As for the real existence of dreams—real, but in a different way—it is by listening to the shamans of the Runa people in the Amazon that Eduardo Kohn, thinker of the forest, understands that “dreams are not commentaries on the world; they take place in it.” The nocturnal, dreamlike encounter of the hunter with the domestic animal prepares the diurnal encounter with the wild animal. Between the pig of the dream and the peccary of the forest, the passage is metaphorical. One animal is put in place of another through contiguity and the associations of words. The Runa people’s interpretation of dreams is not far from that of Freud. Of course, the shamans take paths more forested than the streets of Vienna. The Runa also interpret the dreams of animals, and take the dreams of their dogs especially seriously. For the Runa, who have a trans-species language, “dreams reflect a widespread Amazonian way of seeing human and nonhuman sociality as continuous with each other.” (How Forests Think)
Well, this continuity is not the monopoly of the Runa or the Bagheli, those peoples whom we easily consider as “others.” All our Western civilization is nourished by the fluidity between animals and ourselves, but we have undervalued and disparaged this knowledge, leaving it to our poets. Consider Lautréamont (not to mention Homer or Ovid) to see how animals allow us to metamorphose or switch bodies when we take them seriously.
And the books we read to our children are full of bears, tigers, and lions. Our children fall asleep thinking of the other animals. We raise them with and against the other animals, as if it were vital from their birth to make clear to them that we are different, different and superior. We grant thought and speech to the other animals, but by rigging them out in our humanity. We make monsters of them, or stuffed toys. And for as long as possible we hide from our children that their sleeping companions are “threatened with extinction.” The oncoming absence of the tigers and polar bears. The massacre of the elephants and honeybees, but also of the bumblebees and earthworms and all those creatures not in our storybook tales, or our heraldry, or in the direct path of our rapacity. “Threatened with extinction” is a misleading expression inherited from the 1980s. We must speak, like Derrida in his last seminar, of what is “total war against the animals."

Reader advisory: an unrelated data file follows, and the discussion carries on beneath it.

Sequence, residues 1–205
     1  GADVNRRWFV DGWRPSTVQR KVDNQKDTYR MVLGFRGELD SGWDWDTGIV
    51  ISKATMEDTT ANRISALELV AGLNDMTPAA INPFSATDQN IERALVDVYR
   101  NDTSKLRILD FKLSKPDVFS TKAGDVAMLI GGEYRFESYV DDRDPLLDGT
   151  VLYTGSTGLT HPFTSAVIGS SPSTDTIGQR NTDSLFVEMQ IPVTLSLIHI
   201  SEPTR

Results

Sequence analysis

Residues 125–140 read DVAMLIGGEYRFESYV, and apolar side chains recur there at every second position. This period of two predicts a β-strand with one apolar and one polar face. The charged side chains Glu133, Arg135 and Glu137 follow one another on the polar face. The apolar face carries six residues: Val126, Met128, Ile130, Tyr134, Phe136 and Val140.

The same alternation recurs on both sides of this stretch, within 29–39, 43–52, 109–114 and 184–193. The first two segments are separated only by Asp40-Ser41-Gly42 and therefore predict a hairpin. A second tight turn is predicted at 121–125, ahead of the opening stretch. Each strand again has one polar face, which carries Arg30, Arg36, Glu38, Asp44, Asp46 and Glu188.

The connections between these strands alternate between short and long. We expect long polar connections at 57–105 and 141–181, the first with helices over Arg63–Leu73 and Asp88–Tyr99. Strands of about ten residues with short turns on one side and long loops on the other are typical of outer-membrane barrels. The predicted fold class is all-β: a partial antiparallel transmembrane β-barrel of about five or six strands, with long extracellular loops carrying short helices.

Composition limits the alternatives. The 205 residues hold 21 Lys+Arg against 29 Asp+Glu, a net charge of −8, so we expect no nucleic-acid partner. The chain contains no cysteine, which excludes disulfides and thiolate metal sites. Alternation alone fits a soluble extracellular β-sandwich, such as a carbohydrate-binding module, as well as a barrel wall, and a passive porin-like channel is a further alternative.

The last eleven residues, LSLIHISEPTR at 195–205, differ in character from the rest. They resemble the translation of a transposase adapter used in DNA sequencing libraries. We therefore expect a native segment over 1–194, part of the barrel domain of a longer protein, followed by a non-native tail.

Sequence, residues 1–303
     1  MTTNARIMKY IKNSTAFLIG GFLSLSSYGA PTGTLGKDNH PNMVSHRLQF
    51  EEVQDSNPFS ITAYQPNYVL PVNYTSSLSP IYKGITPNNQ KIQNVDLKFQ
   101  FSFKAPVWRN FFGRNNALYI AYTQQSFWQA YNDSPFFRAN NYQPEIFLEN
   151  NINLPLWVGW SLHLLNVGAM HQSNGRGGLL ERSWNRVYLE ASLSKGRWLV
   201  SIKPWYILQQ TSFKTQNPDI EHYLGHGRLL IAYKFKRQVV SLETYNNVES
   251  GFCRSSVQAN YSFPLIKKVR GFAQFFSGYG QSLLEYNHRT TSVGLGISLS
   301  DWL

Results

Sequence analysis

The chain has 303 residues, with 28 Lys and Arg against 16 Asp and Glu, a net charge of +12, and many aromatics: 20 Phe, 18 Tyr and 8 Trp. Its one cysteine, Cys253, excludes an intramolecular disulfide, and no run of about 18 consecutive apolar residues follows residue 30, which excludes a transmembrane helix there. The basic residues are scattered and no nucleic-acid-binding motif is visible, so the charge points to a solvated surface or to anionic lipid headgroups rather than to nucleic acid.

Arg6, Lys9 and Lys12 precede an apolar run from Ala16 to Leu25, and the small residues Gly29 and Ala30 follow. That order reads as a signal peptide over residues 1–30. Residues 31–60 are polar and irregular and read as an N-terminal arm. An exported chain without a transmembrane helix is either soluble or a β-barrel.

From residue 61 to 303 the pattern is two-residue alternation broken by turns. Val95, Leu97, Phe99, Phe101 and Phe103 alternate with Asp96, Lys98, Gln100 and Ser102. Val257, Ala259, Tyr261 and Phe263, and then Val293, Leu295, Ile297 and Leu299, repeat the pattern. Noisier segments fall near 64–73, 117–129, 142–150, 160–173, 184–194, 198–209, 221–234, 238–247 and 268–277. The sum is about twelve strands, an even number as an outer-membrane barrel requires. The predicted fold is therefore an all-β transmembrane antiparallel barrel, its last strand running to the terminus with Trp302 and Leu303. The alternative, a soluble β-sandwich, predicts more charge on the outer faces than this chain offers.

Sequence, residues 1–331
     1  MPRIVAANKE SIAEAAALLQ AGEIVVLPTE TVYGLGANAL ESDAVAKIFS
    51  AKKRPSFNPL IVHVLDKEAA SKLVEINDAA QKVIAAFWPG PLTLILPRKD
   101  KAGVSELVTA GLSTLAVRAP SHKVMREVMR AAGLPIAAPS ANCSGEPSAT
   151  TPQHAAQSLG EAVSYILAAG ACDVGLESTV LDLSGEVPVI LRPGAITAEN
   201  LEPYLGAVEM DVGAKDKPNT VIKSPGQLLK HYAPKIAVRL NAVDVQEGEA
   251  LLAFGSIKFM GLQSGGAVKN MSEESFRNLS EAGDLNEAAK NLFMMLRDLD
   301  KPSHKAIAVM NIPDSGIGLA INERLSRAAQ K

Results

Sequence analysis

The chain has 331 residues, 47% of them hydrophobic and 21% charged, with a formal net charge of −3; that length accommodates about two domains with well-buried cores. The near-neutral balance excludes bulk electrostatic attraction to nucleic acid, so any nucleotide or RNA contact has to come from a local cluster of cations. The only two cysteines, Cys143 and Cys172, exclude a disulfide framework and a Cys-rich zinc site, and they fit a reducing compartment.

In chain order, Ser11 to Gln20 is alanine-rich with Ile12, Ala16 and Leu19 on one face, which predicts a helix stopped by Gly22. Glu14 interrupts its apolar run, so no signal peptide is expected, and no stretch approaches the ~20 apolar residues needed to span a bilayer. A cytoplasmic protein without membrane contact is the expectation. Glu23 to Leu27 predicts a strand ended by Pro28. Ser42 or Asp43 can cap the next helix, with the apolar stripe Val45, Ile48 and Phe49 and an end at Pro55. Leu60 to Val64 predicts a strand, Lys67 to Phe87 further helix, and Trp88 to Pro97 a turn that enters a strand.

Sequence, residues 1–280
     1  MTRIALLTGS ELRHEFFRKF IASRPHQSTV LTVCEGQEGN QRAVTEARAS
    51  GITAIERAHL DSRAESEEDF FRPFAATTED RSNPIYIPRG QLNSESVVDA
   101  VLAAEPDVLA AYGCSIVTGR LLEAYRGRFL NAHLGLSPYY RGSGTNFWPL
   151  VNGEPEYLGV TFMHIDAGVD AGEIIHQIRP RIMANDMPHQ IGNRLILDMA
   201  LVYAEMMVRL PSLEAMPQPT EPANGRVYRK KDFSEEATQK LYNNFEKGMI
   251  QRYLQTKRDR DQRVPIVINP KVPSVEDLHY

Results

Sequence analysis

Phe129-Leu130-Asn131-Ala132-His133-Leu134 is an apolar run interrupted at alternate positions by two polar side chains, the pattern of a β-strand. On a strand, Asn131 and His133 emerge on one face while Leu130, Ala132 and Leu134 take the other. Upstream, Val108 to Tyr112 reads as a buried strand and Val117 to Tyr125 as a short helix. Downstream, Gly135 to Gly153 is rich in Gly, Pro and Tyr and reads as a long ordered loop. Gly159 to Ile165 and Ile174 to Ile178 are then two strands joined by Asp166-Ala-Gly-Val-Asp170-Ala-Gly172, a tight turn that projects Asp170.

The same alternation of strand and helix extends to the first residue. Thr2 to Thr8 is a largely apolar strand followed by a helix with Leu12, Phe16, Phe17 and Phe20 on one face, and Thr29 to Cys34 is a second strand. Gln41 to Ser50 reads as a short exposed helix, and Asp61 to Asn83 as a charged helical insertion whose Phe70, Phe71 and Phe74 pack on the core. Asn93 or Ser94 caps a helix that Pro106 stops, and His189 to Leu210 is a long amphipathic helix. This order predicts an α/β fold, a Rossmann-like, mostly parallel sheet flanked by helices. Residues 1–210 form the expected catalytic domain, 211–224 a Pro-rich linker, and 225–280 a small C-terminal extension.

The war is here, the war against animals, the war against “killables.” Because the line of demarcation passes not so much between us and the other animals as between the “killable” and the “non-killable,” according to the division discerned by Donna Haraway in her essay A Cyborg Manifesto. This war has produced such a mass of carcasses that only four thousand tigers are now left in the wild, and five thousand in zoos. Twenty thousand lions “in the wild,” most of them in game parks.
The chicken is the most common bird on the planet. The pig is as amiable as the dog. The octopus knows how to use tools. Fish feel pain.
But it is not just about the other animals, it’s about us all, about our global future as animals on this planet. And one must really love the Sistine Chapel and the Great Pyramid of Kheops and the sound of Coltrane and the brushstroke of Shitao and all of literature to continue to love humanity.
What will we lose, when the last orang-outan is dead? A way of being. A certain relationship to the trees, the soil, the sky. Remarkable hands: another body language, another contact. Another laughter as well, which is not at all the nature of man, but a normal reaction in a primate. Along with a gaze.
What we will have lost as well is their invitation. To ask ourselves who they are ... and thus ask ourselves who we are. This movement towards them uplifts and enlarges us. Creates space in us.
The last Tasmanian tiger died in the Hobart Zoo in 1936. Only his stripes were tigerine. He was a marsupial mammal resembling a dog, slender, with a strong jaw and slightly sloping hindquarters. This tiger and its cousin the “devil” bear the name of Tasmania, a superb island at the end of the world that was also the land of a complete genocide: there are no surviving Tasmanian Aborigines. The tiger’s stripes are their orphaned shadows.